Secret titanium mine threatens Cambodia’s most untouched forest

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Une mine de titanium menace une forêt primaire cambodgienne

Phnom Penh, CAMBODGE: Un cambodgien navigue sur une rivière dans le district de Anlong Veng. 24 juin 2006. AFP PHOTO / TANG CHHIN SOTHY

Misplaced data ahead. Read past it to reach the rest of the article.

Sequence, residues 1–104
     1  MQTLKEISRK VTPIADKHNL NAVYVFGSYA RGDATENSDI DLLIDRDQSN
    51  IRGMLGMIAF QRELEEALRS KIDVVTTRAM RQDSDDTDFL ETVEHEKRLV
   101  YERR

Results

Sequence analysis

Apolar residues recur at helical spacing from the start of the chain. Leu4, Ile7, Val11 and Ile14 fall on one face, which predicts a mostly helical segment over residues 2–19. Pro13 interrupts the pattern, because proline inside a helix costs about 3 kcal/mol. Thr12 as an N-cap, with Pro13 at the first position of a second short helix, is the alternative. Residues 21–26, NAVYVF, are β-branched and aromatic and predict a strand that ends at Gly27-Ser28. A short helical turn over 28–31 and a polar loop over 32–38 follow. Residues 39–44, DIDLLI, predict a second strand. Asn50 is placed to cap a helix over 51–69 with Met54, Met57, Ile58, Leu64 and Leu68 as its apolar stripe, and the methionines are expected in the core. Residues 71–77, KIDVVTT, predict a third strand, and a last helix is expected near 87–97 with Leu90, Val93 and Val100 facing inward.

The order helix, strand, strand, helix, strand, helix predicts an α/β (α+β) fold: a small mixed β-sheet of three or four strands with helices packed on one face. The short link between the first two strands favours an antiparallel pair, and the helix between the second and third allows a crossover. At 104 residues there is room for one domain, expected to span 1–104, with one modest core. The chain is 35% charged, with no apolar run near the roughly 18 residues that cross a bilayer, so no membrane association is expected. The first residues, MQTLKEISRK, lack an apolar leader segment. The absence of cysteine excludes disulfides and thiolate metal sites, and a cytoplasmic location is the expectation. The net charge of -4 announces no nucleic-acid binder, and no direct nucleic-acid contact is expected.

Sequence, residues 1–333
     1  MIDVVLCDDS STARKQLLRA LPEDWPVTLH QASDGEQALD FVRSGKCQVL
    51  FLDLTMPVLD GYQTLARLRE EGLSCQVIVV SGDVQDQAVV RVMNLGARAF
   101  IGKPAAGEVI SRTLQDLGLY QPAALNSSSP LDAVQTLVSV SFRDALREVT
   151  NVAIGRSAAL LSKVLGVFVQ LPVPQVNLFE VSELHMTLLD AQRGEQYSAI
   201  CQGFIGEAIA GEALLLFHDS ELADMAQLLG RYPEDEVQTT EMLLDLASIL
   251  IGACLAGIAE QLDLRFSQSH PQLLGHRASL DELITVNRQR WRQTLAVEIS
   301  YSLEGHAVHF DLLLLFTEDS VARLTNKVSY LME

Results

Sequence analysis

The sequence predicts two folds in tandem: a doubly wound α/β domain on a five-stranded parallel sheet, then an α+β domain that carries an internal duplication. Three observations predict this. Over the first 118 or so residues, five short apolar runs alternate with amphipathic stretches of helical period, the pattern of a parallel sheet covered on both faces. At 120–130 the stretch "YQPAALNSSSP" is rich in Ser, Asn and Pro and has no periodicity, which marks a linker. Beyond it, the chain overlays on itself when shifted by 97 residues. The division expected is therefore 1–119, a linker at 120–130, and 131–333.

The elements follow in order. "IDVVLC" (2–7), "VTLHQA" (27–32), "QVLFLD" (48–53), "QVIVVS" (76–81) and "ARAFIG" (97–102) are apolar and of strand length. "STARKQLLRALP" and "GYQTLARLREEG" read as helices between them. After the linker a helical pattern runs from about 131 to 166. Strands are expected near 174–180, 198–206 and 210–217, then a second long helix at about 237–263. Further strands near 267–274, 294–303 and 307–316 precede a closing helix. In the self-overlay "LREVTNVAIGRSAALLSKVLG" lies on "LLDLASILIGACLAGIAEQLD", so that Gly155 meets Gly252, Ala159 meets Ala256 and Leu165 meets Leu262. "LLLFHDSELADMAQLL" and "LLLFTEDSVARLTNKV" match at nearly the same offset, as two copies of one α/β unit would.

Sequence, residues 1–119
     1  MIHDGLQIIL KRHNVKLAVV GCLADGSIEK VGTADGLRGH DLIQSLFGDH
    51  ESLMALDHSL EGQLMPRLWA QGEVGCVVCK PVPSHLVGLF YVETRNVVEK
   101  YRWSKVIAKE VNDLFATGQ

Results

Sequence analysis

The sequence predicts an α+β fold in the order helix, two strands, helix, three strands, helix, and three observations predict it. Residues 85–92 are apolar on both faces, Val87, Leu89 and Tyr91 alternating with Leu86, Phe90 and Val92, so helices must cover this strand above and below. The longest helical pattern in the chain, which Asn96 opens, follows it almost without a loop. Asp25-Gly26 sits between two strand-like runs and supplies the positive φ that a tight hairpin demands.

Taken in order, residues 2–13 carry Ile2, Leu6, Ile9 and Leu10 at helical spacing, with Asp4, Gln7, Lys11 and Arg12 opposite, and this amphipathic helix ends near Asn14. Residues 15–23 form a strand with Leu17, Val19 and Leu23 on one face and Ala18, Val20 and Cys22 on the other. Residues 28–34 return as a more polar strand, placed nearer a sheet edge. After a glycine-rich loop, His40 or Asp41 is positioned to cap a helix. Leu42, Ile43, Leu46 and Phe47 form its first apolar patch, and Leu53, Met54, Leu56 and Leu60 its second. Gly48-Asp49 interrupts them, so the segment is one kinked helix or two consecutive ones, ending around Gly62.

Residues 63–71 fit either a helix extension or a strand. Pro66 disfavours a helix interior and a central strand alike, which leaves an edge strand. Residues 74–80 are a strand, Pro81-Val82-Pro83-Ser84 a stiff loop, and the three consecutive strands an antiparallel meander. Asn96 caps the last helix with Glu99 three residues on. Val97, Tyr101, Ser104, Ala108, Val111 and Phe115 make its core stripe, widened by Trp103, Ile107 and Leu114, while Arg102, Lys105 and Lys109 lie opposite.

Although the mining consortium, United Khmer Group, has been drawing up plans to build a massive titanium mine in a Cambodian protected forest for three years, the development did not become public knowledge until rural villagers came face-to-face with bulldozers and trucks building access roads. Reaction against the secret mine was swift as environmentalists feared for the impacts on wildlife and the rivers, local villagers saw a looming threat to their burgeoning eco-tourism trade, and Cambodian newspapers began to question statements by the mining corporation. While the government has suspended the roadwork to look more closely at the mining plans, Cambodians wait in uncertainty over the fate of one of most isolated and intact ecosystems in Southeast Asia: the Cardamom Mountains.


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